Editor’s Note: This article is featured in the Summer 2017 edition of the NC State Magazine. It has been reprinted with permission from NC State magazine, a benefit of membership in the NC State Alumni Association.
By Sarah Lindenfeld Hall
T-shirts are ubiquitous on a college campus, but none may be as treasured as those awarded to intramural champions.
Kelly Fox ’92 remembers the chant. “Give Us the Shirts. Give Us the Shirts.” It was a common refrain inside one Brent Road apartment about 25 years ago. Fox’s roommates were determined to win a coveted championship T-shirt in NC State’s intramural men’s flag football competition. In fact, they had named their team GUTS — or Give Us The Shirts.
Fox wasn’t on his roommates’ team, though, so he grew tired of the chants. He had played with them on previous teams, winning championships and shirts, but this time he formed a rival team. And to make his intentions clear, he named his new team GUT Busters. Alas, victory was not his. “They beat us in the championship pretty bad,” says Fox, who works in the mortgage industry and lives in Knightdale, N.C.
NC State intramural athletes come away with more than a few things from their time on the field — competition with fellow students, lifelong friends and, if they’re lucky, a championship T-shirt. The shirts first appeared in the early 1980s when Sam Halstead, then NC State’s director of intramural-recreational sports, replaced trophies with T-shirts. Other intramural programs, particularly one down the road in Chapel Hill, were giving champions a T-shirt. Halstead wanted to do the same.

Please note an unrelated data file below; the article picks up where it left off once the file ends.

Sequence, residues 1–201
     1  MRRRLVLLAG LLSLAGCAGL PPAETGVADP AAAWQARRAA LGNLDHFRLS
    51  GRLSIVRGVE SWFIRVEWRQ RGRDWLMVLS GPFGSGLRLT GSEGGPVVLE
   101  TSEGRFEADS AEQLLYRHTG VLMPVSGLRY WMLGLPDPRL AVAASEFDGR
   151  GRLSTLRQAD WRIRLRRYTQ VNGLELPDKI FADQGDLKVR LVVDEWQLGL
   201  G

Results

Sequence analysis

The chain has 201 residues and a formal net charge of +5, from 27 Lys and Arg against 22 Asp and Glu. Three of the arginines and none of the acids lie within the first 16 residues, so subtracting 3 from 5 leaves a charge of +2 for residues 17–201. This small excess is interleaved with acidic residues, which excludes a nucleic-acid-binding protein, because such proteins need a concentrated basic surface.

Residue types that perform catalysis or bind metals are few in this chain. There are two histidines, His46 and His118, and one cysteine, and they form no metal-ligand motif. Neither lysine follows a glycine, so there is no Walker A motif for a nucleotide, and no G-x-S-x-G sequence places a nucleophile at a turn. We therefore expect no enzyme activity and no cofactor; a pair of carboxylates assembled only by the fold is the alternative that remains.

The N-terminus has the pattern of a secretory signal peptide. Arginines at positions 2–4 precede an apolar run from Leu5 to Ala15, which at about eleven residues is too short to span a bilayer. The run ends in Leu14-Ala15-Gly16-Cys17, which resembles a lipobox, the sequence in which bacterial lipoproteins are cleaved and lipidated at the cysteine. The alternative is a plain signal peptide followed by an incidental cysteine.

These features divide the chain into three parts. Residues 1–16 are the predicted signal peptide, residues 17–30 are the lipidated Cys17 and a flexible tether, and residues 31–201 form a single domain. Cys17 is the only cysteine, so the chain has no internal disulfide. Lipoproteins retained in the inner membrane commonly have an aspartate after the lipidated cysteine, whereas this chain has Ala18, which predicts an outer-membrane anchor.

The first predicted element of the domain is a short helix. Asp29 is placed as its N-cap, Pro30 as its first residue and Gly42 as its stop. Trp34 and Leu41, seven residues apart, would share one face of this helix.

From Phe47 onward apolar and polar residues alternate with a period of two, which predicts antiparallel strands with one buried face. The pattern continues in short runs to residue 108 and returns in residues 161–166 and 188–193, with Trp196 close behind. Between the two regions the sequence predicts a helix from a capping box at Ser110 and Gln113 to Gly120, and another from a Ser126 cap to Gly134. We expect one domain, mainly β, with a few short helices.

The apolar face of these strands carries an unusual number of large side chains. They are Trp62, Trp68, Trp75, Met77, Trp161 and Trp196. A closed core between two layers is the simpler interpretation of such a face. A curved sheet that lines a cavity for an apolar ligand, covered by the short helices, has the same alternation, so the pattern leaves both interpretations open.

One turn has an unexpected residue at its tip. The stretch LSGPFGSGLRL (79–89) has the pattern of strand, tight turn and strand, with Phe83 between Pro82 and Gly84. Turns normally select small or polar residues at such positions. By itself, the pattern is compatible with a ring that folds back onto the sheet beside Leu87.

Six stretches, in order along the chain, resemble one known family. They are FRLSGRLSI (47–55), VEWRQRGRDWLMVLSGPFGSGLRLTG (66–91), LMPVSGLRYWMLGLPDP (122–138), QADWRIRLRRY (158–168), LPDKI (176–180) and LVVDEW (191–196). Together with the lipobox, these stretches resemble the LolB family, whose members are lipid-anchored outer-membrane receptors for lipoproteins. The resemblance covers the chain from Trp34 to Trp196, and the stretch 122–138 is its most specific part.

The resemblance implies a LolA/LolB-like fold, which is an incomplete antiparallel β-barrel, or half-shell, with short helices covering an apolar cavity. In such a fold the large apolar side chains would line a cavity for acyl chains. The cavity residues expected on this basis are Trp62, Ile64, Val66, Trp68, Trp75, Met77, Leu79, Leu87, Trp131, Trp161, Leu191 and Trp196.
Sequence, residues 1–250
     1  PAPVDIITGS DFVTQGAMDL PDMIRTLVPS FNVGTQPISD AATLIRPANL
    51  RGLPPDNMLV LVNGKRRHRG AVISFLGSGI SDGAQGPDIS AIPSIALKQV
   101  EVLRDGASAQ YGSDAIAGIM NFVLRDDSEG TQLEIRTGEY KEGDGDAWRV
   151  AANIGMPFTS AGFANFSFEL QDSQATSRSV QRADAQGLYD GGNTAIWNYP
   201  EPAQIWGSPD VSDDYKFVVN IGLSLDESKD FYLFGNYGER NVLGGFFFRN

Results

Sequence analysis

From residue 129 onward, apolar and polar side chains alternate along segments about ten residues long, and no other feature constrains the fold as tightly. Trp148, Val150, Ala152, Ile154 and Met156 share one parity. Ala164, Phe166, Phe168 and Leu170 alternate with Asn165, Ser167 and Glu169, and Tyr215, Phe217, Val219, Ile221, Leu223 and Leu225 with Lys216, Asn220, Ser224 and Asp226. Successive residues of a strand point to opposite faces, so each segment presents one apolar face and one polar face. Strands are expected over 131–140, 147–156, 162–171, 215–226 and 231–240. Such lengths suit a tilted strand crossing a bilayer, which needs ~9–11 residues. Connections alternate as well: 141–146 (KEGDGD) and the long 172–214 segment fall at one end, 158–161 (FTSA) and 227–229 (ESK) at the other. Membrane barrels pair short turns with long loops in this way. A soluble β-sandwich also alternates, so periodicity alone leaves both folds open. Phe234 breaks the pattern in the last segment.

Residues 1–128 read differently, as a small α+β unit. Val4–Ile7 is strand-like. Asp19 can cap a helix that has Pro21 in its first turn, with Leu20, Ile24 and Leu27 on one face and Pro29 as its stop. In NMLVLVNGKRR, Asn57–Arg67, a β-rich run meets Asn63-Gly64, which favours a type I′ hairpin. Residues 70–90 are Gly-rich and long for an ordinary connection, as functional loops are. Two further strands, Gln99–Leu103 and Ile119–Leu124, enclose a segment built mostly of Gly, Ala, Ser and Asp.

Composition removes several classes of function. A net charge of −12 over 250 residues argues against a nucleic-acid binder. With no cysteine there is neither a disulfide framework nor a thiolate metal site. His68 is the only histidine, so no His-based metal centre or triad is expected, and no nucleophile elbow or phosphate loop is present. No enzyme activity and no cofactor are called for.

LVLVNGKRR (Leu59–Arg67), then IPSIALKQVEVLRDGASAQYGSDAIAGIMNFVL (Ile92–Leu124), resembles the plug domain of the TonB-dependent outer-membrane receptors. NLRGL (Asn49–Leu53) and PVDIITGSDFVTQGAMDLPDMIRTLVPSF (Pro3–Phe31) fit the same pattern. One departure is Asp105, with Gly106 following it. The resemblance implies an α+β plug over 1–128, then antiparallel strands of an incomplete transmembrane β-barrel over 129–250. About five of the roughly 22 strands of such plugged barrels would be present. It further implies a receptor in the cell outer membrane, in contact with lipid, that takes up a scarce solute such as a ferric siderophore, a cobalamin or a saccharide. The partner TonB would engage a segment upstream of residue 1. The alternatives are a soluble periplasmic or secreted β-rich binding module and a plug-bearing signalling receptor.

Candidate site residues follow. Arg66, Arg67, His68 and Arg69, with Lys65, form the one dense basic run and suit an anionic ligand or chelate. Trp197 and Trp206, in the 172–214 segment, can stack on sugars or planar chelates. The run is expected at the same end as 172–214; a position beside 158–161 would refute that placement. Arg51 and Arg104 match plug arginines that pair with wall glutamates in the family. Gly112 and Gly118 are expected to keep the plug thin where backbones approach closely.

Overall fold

Instead of turning to NC State’s school colors, Halstead took a different path, picking a color for each of the program’s five sports. “Those shirts were so distinctive,” says Randy Bechtolt, former assistant director of intramural sports and now a senior lecturer in health and exercise studies at NC State. “You could be walking behind somebody and you knew they probably won the football championship.”
They quickly became not just an award, but a hot commodity. “Especially graduating seniors, they’d beg me to give them one for $20,” Bechtolt says. “But we wanted to protect them.”
Today, the intramural program — and the shirts — look different. Events include traditional and non-traditional sports such as bubble soccer (picture yourself running around inside a large inflatable ball) and a life-sized version of Hungry, Hungry Hippos. In the late 1990s, the T-shirt design also changed to feature NC State colors. Despite the changes, they still are coveted. Only about 10 percent of intramural athletes earn one. “They are the only shirts that are locked up,” says Adam Sardinha, marketing and communications specialist for University Recreation. “They are padlocked.”
Todd Horton ’07 of Clayton, N.C., who works in the construction industry, understands the allure. He won five T-shirts. In fact, he also played on a team called GUTS. He says the friendships he made are the best result of his intra-mural sports days. But he also treasured the T-shirts, often pulling one on to taunt his friends on rival teams. “Mine’s in pretty bad shape now,” Horton says. “I don’t wear it that much. But, if I did, I would still give my buddies a hard time.”